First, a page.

The lockdown in Indian-administered Kashmir has cost the region's economy more than $1bn in two months, according to industry experts. BBC Hindi's Vineet Khare reports.
Mushtaq Chai recalls the afternoon of 2 August when he received a "security advisory" from the administration. A prominent local businessman, he owns several hotels across the Muslim-majority valley in Indian-administered Kashmir.
The note warned of "terror threats" and advised that tourists and Hindu pilgrims should "curtail their visit... and return as soon as possible".
Mr Chai, like many others, took the advisory seriously. Two years before, seven Hindu pilgrims were killed in a militant attack while returning from the Amarnath cave, a major Hindu shrine in Kashmir's Anantnag district.
"This was the first time in Kashmir's history that tourists and pilgrims were asked to leave," Mr Chai says.
Soon officials arrived to enforce the order, and Mr Chai and his staff made arrangements for all of the guests to leave immediately.
Days later, on 5 August, the federal government stripped the region of its special status and placed it under a communications lockdown.
Two months on, the situation is far from normal. Internet and mobile phone connections remain suspended, public transport is not easily available, and most businesses are shut - some in protest against the government, and others for fear of reprisals from militants opposed to Indian rule.
There is also a shortage of skilled labour, as some 400,000 migrants have left since the lockdown began.
What's more, the streets are deserted and devoid of the tourist business which had supported up to 700,000 people.
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The lockdown has not come cheap.
A government official, who did not wish to be named, says they are "awaiting a financial package" from the federal government. But the Kashmir Chamber of Commerce and Industry estimates the shutdown has already cost the region more than $1.4bn (£1.13bn), and thousands of jobs have been lost.
"There are around 3,000 hotels in the valley and they are all empty. They have loans to pay off and daily expenses to bear," says Mr Chai, sitting in his mostly empty hotel in the capital, Srinagar.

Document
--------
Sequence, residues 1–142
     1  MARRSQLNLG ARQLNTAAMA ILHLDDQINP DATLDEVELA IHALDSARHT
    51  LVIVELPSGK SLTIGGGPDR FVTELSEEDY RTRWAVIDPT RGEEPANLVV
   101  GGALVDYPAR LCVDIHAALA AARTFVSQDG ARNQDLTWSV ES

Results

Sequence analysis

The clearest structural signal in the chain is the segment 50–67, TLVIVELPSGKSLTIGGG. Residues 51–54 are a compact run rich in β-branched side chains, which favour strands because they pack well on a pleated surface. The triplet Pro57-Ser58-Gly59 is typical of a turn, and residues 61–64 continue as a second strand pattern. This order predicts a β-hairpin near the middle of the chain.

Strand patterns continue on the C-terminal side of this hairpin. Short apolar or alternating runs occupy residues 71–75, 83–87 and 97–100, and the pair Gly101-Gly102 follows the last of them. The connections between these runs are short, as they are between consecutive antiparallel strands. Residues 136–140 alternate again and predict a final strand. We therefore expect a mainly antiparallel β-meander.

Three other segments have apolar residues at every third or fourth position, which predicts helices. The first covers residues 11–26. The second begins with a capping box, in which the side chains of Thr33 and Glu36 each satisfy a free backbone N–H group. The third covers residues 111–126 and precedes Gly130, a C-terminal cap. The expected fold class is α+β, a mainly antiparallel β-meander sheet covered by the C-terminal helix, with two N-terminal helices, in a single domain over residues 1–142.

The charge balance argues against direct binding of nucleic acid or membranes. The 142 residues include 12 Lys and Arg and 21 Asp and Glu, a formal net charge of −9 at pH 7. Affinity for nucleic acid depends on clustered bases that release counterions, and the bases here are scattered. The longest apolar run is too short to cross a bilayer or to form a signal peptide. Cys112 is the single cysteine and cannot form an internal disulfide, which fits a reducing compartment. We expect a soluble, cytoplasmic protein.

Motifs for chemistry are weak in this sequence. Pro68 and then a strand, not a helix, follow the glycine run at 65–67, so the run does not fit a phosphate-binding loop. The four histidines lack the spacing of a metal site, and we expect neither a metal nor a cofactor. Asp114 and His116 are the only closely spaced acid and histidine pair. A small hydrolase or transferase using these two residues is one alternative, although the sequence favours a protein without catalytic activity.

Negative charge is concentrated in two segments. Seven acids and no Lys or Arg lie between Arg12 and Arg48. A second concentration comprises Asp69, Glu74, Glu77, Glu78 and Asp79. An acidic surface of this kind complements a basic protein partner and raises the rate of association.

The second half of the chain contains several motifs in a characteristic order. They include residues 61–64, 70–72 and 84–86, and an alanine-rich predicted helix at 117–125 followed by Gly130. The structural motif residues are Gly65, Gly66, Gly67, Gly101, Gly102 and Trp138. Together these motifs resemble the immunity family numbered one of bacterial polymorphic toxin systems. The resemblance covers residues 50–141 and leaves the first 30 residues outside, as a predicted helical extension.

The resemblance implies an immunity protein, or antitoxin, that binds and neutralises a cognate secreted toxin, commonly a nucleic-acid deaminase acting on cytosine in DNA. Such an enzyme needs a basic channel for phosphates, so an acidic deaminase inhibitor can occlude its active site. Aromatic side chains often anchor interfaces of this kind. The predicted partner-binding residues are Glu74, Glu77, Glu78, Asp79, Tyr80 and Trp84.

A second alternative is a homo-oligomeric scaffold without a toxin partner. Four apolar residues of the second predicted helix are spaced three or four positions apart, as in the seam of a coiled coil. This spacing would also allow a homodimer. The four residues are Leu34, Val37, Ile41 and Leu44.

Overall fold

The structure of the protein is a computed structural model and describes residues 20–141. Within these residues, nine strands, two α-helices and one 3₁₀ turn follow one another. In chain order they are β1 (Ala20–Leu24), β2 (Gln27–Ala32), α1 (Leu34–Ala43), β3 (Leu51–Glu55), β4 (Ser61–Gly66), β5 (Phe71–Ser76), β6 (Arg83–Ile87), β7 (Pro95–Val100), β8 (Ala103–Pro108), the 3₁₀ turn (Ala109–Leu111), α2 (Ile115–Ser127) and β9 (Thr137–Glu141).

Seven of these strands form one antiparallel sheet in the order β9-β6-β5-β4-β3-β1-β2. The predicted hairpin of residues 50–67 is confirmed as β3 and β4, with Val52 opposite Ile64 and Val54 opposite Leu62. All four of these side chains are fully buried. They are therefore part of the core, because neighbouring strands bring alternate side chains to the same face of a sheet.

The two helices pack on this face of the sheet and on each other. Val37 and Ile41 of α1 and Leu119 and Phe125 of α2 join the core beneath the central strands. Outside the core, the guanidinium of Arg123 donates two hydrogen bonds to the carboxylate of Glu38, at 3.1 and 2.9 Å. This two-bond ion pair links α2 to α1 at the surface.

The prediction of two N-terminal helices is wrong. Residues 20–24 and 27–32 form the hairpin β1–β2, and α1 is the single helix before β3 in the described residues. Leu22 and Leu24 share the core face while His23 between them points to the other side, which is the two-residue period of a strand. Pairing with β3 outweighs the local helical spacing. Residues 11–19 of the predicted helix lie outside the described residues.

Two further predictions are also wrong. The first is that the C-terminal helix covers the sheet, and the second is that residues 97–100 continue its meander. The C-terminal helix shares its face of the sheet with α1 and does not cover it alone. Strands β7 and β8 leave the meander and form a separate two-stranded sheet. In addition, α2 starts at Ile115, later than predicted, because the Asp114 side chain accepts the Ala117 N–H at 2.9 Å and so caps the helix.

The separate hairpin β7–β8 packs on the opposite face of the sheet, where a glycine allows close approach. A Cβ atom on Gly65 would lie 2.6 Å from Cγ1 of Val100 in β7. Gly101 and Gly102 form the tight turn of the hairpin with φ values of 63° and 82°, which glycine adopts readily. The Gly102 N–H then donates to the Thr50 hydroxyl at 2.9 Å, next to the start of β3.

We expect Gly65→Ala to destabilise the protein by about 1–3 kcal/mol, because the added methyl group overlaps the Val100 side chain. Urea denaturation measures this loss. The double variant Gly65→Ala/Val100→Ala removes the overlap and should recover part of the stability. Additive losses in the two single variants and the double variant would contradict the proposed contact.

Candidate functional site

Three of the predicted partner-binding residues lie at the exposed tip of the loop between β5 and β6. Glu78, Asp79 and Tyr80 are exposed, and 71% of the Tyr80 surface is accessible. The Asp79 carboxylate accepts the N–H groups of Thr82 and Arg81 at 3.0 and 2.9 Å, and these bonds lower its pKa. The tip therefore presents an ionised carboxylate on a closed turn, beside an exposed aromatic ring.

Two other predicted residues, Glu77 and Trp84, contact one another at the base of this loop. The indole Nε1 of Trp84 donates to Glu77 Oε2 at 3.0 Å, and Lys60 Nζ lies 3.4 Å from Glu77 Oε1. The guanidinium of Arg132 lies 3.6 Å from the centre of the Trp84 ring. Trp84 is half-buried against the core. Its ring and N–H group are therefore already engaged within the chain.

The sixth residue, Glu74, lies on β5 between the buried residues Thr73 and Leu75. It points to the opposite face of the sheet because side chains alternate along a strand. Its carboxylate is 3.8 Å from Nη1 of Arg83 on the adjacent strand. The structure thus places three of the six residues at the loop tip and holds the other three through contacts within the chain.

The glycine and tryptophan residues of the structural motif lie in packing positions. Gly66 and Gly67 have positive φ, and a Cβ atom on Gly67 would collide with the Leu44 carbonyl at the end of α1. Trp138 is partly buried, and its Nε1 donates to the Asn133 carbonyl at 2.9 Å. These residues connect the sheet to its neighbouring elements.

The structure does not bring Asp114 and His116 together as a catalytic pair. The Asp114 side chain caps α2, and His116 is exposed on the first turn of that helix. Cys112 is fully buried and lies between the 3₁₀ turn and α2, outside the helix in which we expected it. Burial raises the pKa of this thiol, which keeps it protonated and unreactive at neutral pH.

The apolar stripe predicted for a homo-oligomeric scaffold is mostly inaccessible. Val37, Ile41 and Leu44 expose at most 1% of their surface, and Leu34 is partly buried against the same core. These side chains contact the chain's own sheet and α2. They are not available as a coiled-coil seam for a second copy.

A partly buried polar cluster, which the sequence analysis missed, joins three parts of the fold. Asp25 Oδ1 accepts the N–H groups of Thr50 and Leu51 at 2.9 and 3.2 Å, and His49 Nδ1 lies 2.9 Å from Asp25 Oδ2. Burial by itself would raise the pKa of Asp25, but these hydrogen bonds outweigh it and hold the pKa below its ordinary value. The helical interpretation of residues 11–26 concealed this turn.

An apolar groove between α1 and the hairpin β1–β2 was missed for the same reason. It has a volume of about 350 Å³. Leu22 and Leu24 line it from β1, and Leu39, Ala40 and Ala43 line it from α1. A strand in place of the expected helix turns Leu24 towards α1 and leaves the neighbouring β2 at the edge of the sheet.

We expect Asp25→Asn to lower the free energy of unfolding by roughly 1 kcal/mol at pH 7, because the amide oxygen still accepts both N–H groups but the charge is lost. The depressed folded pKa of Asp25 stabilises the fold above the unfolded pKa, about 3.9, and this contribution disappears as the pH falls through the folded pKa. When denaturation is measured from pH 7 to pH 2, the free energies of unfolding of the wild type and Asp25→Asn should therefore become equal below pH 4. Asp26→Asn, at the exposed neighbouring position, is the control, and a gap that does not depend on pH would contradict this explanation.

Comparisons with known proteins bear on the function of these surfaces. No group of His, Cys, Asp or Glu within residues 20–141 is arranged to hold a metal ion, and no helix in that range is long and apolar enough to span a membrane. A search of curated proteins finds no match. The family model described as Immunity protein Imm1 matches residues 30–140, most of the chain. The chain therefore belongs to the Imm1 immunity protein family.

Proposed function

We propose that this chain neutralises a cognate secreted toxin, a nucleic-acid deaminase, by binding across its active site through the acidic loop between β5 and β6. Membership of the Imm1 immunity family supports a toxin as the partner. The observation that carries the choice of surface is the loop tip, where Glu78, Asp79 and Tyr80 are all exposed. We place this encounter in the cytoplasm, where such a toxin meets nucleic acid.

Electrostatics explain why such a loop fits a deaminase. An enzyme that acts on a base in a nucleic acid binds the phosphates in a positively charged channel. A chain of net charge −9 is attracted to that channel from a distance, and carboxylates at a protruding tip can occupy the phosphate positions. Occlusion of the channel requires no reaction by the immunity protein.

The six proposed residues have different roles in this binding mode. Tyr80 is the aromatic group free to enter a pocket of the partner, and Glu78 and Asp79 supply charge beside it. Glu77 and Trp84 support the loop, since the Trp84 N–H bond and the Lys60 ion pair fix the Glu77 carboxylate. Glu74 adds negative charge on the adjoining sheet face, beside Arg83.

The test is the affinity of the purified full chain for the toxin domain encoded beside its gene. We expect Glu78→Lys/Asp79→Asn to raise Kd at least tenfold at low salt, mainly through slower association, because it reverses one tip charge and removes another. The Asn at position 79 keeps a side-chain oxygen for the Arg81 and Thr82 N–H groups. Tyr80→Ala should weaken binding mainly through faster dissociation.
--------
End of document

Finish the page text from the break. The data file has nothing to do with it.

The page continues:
Only a handful of his 125 staff are at work. Many haven't returned because of lack of transport - or fear. Tensions have been high in the region, and there have been a number of protests in the city.
But the situation may improve in the coming days as the government has announced that tourists will allowed in the state from Thursday.
But it isn't just the hotels which have suffered.
"No internet has meant more than 5,000 travel agents have lost work," says Javed Ahmed, a travel agent himself. "The government says give jobs to the youth. We are young but jobless. We have nothing to do with politics. We want jobs."
Srinagar's almost 1,000 iconic houseboats have also been running empty.
"Every houseboat needs up to $7,000 a year for maintenance," says Hamid Wangnoo from the Kashmir Houseboats Owners Association. "For many, this is the only source of livelihood."
And it isn't just tourism.
"More than 50,000 jobs have been lost in the carpet industry alone," according to Shiekh Ashiq, president of the chamber of industry.
He says July to September is when carpet makers usually receive orders for export – especially overseas, so they can deliver by Christmas.
But they are unable to contact importers, or even their own employees, because of the communications lockdown.
In southern Kashmir, the region's famous apples are still waiting to be plucked from the trees. But shops and cold storage units are shut, and the main apple market is empty. Last year, it did business worth $197m, local farmers say.
"I feel so much pain seeing my apples hanging from the trees that I don't go to the orchard anymore," says a worried apple grower, who did not wish to be named.
"Apples account for 12–15% of Kashmir's economy, but more than half of this year's produce has not been plucked," says economic journalist Masood Hussain. "If this continues through October, it will have devastating consequences."
In Srinagar, some shop owners wait outside their stores and open them for a customer before closing them hurriedly - until the next customer arrives.
One such owner says he is unhappy with the government's decision, but he is also scared of angry locals who want him to keep his business closed.
"But how do I survive without my daily earnings?" he asked.